Film Review: Logan

My wife and I checkout out Logan as part of a date night double feature last weekend and were surprised to find we liked it more that Beauty and the Beast (see that review here).  Logan easily stands as the best solo Wolverine movie since X-Men Origins was terrible in every conceivable way and, despite having good moments, The Wolverine was ultimately average and unforgettable (I’d kill to see the Darren Aronofsky version of that film).  Logan arguably is one of the best X-films, contending with X-man 2 and First Class.  The funny thing is they managed to create a great superhero movie by tossing out the superhero movie formula and crafting something totally different.  Logan plays more like a western and aptly references the classic film Shane during its runtime.  Simply put, because of its unique style for a superhero movie it won’t be for everyone, but I found it to be a strong movie and a fitting tribute to Hugh Jackman’s time as the iconic hero.

Here is a quick, relatively spoiler-free summary for Logan.  The film loosely adapts the Old Man Logan storyline and takes place in the future where most mutants have been wiped out.  Logan/Wolverine now works as a limo driver where he’s trying to make enough money to buy medicine for Charles Xavier and a boat so he and Charles can sail away.  Logan is not healing as well as he used to.  Charles, the once wise leader of the X-Men, now suffers from seizures which is a major concern in a brain that’s basically a weapon of mass destruction.  The only other person they interact with is an albino named Caliban who has the ability to sense and track mutants.  They are lying low until a woman approaches Logan about a job to transport her and a young girl to North Dakota.  That encounter gets Logan caught up in a major government hullabaloo and pulls the Wolverine back into a life of violence he tried to put behind him.

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You may know whether you’re going to like or dislike Logan by this simple statement, Logan is not the Avengers.  This movie does not have bright colors, enormous action set pieces, witty one liners or that general popcorn blockbuster flare that has become synonymous with Marvel’s features.  Don’t get me wrong, there certainly is action.  Instead of polished choreographer action scenes between superhumans that don’t seem to feel pain and constant explosions adorning every frame, the violence here is raw and felt.  Logan has a somber tone, a slower and more deliberate pacing and follows a man broken and waiting to die.  As I stated in the synopsis, Logan knows he’s nearing the end of his life with his wounds no longer healing like they used to and finds himself asking the question “has what I’ve done made a difference” while running from who he used to be.  It is fitting that the film references Shane because, similar to that movie’s lead, Logan is a killer who fought on the side of the heroes but is doubting that he himself is one.  He lives with the pain of things he has done, what and who he has lost and is struggling to find the strength to perform one last good deed.  It is a beautiful deconstruction of what it means to be a hero and leaving a legacy and works well because of the years and film’s worth of experiences movie-goers have shared with the character.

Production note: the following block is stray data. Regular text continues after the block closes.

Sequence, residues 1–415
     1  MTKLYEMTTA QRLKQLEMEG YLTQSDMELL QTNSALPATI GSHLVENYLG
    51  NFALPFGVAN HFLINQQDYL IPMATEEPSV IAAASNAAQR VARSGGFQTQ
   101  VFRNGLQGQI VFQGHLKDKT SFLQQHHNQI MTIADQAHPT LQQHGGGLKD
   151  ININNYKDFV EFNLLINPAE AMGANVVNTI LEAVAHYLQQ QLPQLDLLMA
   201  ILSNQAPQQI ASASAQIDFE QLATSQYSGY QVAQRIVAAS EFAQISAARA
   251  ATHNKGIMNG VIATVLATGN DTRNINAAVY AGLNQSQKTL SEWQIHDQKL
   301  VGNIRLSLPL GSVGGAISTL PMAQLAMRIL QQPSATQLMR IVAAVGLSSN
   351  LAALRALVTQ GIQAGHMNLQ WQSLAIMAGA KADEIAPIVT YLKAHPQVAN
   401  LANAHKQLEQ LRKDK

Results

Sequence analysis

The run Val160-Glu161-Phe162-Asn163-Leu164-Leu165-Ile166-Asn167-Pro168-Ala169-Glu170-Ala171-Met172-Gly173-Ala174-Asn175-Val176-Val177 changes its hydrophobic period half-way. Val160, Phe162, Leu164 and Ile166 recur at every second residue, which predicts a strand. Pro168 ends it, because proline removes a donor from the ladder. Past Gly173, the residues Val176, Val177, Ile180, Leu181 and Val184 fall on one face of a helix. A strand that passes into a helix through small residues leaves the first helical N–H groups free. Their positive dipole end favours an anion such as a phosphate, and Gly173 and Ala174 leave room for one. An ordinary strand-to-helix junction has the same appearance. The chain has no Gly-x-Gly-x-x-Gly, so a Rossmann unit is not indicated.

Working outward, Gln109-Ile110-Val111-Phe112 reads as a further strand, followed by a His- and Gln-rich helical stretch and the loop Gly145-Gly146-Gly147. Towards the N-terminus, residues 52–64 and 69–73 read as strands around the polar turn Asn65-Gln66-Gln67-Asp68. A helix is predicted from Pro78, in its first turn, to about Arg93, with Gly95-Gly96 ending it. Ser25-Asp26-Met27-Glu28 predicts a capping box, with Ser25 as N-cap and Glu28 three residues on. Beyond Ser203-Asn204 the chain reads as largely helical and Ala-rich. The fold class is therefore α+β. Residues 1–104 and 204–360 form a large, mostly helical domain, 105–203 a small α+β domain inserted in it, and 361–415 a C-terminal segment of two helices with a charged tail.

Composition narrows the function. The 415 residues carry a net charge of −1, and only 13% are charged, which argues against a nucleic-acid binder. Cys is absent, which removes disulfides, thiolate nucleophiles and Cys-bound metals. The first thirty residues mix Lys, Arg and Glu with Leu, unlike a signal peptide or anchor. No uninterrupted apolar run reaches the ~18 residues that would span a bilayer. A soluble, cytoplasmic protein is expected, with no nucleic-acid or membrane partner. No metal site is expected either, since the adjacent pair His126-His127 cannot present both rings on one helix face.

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Although a strong story in its own right, the movie hinges on the performances of Hugh Jackman and Patrick Stewart.  They deliver.  Both Jackman and Stewart have never been better in the roles.  Jackman’s portrayal was raw.  I felt all the baggage he carried with him from a life or regret and sorrow and it helped make every fight more grounded and real and allowed the emotional sequences to feel earned.  Stewart’s Charles Xavier is vastly different than in previous X-Men films.  He’s old and his mental and physical health are deteriorating.  Xavier is a shell of his former self due to what he’s battling physically and from the loss of everyone he cared for.  There’s scenes where he opens up about his loss and where he challenges Logan to be the hero he envisioned he could be that were tremendous.  Lastly, Dafne Keen as Laura/X-23 steals the show in her breakout role.  Her character was raised to be a weapon and throughout the movie she has a difficult time experiencing normal daily interactions and grapples with ideas of what it means to be human and belonging to a family.  She will get plenty of offers following this performance.

The biggest thing Logan will be remembered for is being a sendoff for Hugh Jackman (and possibly Patrick Stewart).  Jackman has played Logan/Wolverine in nine films over the course of 17 years.  He did not grow into the role, he nailed it right from the start.  When he was first cast, fans were in an uproar about this tall, handsome Australian playing a stocky, animalistic Canadian, but not we can’t picture anyone else with the claws.  Playing Wolverine is what made him a star.  Unlike many other A-listers he didn’t reject the character or franchise as stupid comic book movies or “slumming it” after making it big, but returned time and time again doing what he could to elevate the material and give fans the X-Men stories they dreamed of.  Logan acted as a perfect ride into the sunset; brining to life the character’s most iconic story that focused on the legacy he left behind.  I tip my hat to you Mr. Jackman, no matter who else takes up the mantle you will always be Wolverine.

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My one sentence review: Logan is a fitting conclusion to Wolverine’s cinematic story and Hugh Jackman’s tenure as the character and serves as a refreshingly different movie in a superhero genre that is beginning to grow stale.

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